Developer(s) – Nintendo EPD & Grezzo
Publisher(s) – Nintendo
Designer – Hiromasa Shikata
Producer – Eiji Aonuma
PEGI – 7
Released in 2015 as a direct sequel to the critically acclaimed A Link Between Worlds, Tri Force Heroes took the Legend of Zelda series in a new direction reminiscent of the Game Boy Advance installment Four Swords, whereby players can play either solo or as part of a trio to solve numerous puzzles and, fight against enemies and bosses and harness the power of different garments that can be bought throughout the game. Despite the fact that Nintendo was willing to try something new with the franchise, I still found it to be one of the weaker entries in the series, but overall, not one of the worst games I’ve ever played personally.
Graphics – 8/10
Taking place in the land of Hytopia, and taking a fairly distant departure from the usual locations and basic structure associated with most Zelda games set in the land of Hyrule, the game has a fair bit of diversity in terms of visual presentation. Although it’s a little more light-hearted than other entries in the series and doesn’t include as many dark locations as the likes of Ocarina of Time, Majora’s Mask, and Twilight Princess, it has much of the same charm that came with installments like The Wind Waker or Minish Cap.
Gameplay – 7/10
Arguably more so than other Zelda gems, Tri Force Heroes has a very heavy focus on the element of puzzle-solving, with players having to either work together or alone, using all three links to overcome each different obstacle in each level and to defeat the boss at the end of it. There are also bonus challenges with each level that range from completing them in a set amount of time, or clearing them whilst taking little to no damage. The biggest gripe I have with the gameplay is that the bosses can become quite repetitious after a while, which falls way short of Legend of Zelda standards, as the series has become renowned over the years for its diversity in boss fights.
Controls – 9/10
The controls can be a little bit difficult to get to grips with at first, but once this has achieved, which won’t take too long, it plays out more or less as well as any other game in the series. There is a lack of control features compared to most other games, since more often than not, players will choose one item for each Link toward the beginning of each level, and will have to stick with the said items for the level’s duration, but otherwise, there no other issues with the games controls to address.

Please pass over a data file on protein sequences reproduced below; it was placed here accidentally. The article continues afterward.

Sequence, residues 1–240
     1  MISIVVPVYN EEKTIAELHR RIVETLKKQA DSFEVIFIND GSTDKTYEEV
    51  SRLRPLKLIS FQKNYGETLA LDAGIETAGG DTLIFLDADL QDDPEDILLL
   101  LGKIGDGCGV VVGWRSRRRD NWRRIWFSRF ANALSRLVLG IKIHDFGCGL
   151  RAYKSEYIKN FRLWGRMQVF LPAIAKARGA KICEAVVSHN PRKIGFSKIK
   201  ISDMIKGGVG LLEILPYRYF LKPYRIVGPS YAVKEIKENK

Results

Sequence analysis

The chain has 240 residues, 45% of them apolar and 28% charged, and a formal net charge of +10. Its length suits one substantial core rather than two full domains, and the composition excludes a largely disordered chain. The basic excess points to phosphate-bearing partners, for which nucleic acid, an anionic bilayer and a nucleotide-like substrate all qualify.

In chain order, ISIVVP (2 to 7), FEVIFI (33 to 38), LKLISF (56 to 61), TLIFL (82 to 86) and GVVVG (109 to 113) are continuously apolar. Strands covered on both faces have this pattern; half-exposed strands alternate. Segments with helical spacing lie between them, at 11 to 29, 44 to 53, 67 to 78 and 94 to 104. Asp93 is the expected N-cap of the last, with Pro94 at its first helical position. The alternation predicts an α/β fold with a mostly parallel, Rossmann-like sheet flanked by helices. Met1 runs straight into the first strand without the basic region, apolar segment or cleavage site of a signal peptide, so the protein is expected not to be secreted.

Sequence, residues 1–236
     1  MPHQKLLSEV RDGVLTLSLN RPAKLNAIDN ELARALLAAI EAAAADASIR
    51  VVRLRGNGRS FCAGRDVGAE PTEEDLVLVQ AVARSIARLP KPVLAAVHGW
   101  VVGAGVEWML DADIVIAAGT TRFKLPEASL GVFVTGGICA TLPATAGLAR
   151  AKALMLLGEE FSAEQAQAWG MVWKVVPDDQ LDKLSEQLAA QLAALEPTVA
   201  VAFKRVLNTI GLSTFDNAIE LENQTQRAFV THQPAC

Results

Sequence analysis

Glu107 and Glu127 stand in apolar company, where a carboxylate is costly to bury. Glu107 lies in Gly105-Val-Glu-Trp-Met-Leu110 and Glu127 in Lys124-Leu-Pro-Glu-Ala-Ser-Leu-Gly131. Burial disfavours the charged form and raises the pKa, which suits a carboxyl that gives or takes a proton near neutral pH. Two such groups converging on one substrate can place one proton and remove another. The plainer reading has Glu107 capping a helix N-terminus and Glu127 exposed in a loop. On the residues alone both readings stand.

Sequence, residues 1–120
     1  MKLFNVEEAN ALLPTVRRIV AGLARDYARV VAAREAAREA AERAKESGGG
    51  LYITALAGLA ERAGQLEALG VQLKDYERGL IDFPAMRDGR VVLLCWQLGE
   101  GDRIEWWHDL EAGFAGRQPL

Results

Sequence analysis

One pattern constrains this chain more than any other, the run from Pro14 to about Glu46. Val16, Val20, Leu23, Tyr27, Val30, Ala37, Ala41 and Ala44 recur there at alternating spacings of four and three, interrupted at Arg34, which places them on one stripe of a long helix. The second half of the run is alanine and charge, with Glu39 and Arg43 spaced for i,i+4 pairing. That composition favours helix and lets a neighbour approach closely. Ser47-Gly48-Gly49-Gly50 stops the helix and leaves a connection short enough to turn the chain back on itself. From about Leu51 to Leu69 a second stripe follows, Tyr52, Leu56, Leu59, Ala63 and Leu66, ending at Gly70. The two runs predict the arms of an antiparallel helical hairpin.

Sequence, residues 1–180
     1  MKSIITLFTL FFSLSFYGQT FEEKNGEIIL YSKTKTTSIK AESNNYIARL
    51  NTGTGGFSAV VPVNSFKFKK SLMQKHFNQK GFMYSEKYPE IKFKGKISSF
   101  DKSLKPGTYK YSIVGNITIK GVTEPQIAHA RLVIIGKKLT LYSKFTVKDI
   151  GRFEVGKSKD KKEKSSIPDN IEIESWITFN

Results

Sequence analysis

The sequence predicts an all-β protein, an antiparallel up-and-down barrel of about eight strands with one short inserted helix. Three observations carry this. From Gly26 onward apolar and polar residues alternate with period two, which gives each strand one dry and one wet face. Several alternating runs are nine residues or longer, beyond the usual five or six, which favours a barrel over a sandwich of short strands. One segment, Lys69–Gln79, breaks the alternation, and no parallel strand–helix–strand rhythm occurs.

Lifespan – 5/10
Underwhelmingly, the game can only be made to last around 15 to 20 hours, which to me personally as a Legend of Zelda fan, and who likes to leave no stone unturned whilst playing a Zelda game, would be like a speed run. The problem lies mainly in the fact that Tri Force Heroes has a much linear progression to it than most other games in the franchise, which in turn, goes against every reason why Shigeru Miyamoto created the original game in the first place, making seem all the more disappointing.
Storyline – 6/10
Aside from the game not lasting very long, the story isn’t truly up to much either in my opinion. Princess Styla is one day cursed by a witch known as The Lady to wear an ugly black jumpsuit; and if that sentence alone isn’t enough to make you despair, I don’t want to know what is. The King of Hytopia, in turn, calls upon a hero who can lift the curse and bring peace to the land; enter Link. That’s all there is to it; there aren’t any of the amazing plot twists or dark undertones to accompany it, which make almost every other installment of the series great games in their own right, and numerous plot holes. For example, there is nothing to suggest that Princess Styla couldn’t simply wear something over the jumpsuit.
Originality – 6.5/10
I would say that the game does have some uniqueness to it, but for the most part, it stands out for the wrong reasons. The puzzles can be fairly elaborate and challenging, and there is a little replay value to be had in the additional objectives to be completed throughout each level, but whenever a Zelda game springs to mind, I most often think of an experience to be lost within and to have to invest a lot of time in doing everything there needs to be done. Unfortunately, I found it impossible to feel the same way about this game.
Overall, Tri Force Heroes, whilst it isn’t even the worst installment in the Zelda series (by far, that honor would go to the Wand of Gamelon), it falls way short of expectations, and makes no effort to perpetuate all the things that make the franchise as great as it is. However, that’s not to say that it’s a terrible game; there is some enjoyment to be had out of it for the short time that it lasts, and the quality in gameplay greatly outweighs what little quality it has in store.